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According to Anita Crawley (2012), online education is on the rise. During the fall 2009 semester, 29 percent of all students enrolled in colleges and universities nationwide took at least one course online, an increase of 21 percent over the previous year. The vast majority of students taking online courses do so within the context of large universities and colleges. Small institutions enrolled just 2 percent of students in online courses. Green Mountain College is clearly an anomaly, with a total enrollment between 600–700 undergraduates. Community colleges have similar growth numbers, writes Crawley, with a 22 percent growth in online enrollment from 2008 to 2009, a trend confirmed by a survey of community college presidents, 87 percent of whom reported gains in online enrollment.

The reasons for the unprecedented growth in online education begin with the cost of higher education. Eliminating overhead, institutions can offer accredited online courses at a much lower cost than classroom-based instruction. Access to higher education for those who work and/or are raising a family helps keep admission numbers healthy. Unexpectedly, one of the reasons for the growth and popularity of online courses is the perceived lack of value inherent in traditional educational models.

Marc Parry, writing in 2010 for the Chronicle of Higher Education, quoted a student as saying, “If you want to encounter distance education, sit in the back of a 500-seat lecture.” Time magazine (Ripley, 2012) cited Richard Arum and Josipa Roksa’s book, Academically Adrift: Limited Learning on College Campuses (University of Chicago Press, 2011), when stating that, after three semesters in colleges and universities, most people experience a “‘barely noticeable’ impact on critical thinking, complex reasoning, and writing skills.” A poll sponsored by Time and Carnegie Corporation reported that “80 percent of the 1,000 U.S. adults surveyed said that at many colleges, the education students receive is not worth what they pay for it. And 41 percent of the 540 college presidents and senior administrators surveyed agreed with them.”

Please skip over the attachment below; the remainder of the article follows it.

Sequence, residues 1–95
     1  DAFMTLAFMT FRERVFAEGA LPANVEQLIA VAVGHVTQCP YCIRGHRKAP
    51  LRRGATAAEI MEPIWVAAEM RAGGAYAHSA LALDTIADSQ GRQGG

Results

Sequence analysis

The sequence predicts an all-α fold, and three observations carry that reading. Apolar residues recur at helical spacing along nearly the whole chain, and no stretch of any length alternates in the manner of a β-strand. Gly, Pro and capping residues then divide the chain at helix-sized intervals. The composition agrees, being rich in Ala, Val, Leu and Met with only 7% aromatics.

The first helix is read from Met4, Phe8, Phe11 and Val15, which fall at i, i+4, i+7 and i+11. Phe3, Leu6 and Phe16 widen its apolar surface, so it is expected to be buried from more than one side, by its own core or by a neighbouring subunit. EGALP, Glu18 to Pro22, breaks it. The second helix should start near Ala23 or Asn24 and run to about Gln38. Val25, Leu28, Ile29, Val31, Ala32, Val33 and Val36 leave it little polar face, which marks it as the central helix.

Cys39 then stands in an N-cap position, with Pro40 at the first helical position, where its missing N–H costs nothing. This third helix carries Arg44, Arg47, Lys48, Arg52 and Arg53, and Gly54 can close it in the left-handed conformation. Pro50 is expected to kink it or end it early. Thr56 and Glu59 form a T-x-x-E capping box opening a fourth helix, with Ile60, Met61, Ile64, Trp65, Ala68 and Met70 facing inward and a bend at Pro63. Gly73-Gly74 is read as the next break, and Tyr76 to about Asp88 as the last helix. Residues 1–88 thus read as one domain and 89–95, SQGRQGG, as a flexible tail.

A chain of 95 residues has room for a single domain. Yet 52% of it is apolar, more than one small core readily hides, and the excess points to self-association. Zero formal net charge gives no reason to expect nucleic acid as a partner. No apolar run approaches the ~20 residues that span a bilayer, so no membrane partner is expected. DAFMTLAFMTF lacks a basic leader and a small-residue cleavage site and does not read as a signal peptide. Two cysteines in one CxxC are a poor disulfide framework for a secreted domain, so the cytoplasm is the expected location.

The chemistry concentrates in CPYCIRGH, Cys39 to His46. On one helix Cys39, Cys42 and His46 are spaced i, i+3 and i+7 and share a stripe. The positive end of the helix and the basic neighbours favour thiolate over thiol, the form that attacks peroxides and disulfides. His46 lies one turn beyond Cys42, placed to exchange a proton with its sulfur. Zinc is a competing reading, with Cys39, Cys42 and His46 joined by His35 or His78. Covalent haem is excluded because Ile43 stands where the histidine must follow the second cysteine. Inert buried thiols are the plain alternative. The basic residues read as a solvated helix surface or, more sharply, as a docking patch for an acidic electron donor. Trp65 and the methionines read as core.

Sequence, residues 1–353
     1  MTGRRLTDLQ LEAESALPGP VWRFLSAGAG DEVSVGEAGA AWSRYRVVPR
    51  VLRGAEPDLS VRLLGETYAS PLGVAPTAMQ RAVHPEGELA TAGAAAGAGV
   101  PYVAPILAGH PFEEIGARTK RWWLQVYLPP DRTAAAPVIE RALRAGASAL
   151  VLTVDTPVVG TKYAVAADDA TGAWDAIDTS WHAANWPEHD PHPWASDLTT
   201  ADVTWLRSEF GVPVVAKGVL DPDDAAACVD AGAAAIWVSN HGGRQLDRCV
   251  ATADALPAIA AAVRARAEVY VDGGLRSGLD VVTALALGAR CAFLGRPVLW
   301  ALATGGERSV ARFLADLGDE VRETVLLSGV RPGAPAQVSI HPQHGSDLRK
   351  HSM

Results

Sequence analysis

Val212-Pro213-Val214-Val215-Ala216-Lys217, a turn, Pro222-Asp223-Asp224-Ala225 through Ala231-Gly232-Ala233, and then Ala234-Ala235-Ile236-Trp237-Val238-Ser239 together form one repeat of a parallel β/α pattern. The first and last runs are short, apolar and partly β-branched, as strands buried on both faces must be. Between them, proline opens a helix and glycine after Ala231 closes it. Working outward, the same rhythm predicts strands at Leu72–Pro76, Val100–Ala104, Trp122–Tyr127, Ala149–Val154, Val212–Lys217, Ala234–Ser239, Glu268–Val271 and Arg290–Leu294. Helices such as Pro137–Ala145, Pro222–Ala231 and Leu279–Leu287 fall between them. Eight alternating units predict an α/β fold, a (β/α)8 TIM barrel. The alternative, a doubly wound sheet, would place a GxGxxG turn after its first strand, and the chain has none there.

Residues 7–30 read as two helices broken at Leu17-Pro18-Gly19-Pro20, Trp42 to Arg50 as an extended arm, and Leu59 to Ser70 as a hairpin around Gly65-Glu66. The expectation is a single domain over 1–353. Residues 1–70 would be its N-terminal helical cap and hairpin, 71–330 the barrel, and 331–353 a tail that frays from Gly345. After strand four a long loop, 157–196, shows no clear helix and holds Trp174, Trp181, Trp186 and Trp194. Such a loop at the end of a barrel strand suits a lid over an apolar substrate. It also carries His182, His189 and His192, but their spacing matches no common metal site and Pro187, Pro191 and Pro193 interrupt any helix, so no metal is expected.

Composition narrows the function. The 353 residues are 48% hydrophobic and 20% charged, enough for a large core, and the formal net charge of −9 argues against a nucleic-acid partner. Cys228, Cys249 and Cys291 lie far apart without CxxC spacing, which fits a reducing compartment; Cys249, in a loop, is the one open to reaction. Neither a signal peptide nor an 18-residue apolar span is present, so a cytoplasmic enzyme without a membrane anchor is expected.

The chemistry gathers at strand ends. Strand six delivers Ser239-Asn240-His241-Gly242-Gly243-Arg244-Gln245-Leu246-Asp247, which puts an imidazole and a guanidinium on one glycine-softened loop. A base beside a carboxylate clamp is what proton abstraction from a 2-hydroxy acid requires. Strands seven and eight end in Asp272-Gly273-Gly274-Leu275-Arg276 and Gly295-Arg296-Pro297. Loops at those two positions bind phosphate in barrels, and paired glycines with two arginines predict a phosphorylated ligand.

Clearly there is room for improvement in both traditional educational models and burgeoning online offerings. Traditional colleges and universities need to seriously address the shortcomings of overcrowded classrooms, overpopulated courses, rising tuition, and watered-down grading strategies. Online course developers and teachers need to be cognizant of the public perception of online coursework as less rigorous than their classroom counterparts and work to develop a learning atmosphere that doesn’t feel passive to the students. Passive contexts breed passive students. Inclusion of strategies to encourage student involvement and interaction are key, I think, for the success and evolution of online courses in the humanities and social sciences.

Steve Kolowich (2012) reported that some colleges, even notable liberal arts schools such as Bryn Mawr College and Wesleyan University, have adopted “blended learning” — incorporating online learning strategies within a traditional classroom framework. A slight majority of liberal arts professors, according to a survey by Inside Higher Ed and the Babson Survey Research Group, thought that blended learning was as good or better than traditional classroom-only models.

The field of education is also facing a revolutionary educational model known as the Massive Open Online Class (MOOC). Clay Shirky (2012), writing for the Guardian this past December, likens this form of education to the MP3 in the music industry — less quality, low cost, available to mass numbers of people, and compromising the very medium that spawned it. Last year, he wrote, a Stanford course in artificial intelligence enrolled 160,000 students, though only 23,000 finished the course. Sebastian Thrun, one of two professors for the class, quit Stanford University and started Udacity, an institution designed to offer nothing but massive open online classes. Learning within the framework of a MOOC does not result in a degree, wrote Shirky, just as songs now can be sold separately from CDs.

The MOOC is quite controversial academically, since it represents a “mass consumption” model of education, casting a negative light on both online learning programs as a whole and the institutions that host such courses. The growth of MOOCs and more rigorous online programs is putting pressure on traditional educational institutions. Changes are afoot, and many of those changes are infused by the fear that online education may one day render traditional institutions irrelevant, or perhaps worse, as the realm only of a moneyed elite. The growth and evolution of online education are serving to push two agendas — the vitality and value of online learning models and the pedagogical strategies of traditional colleges and universities.

Clearly online education is not a monolithic whole. My own experience reveals a clear contrast between the large undergraduate introductory class context and the robust small class graduate offerings. I am currently teaching in a physical classroom at the University of Oregon with equal numbers of graduate and undergraduate students. I am simultaneously preparing to teach three online graduate courses through Green Mountain College. Both frameworks have the potential to inform each other if I am open-minded and imaginative enough to allow such cross-fertilization. Like so many things, there are multiple conditions that determine the success or failure, the value or lack thereof, of a particular teaching strategy and educational setting. What is inarguable is that online courses are here to stay, though what is less obvious are the long-term effects on traditional educational models and what evolutionary manifestations of distance learning will arise.


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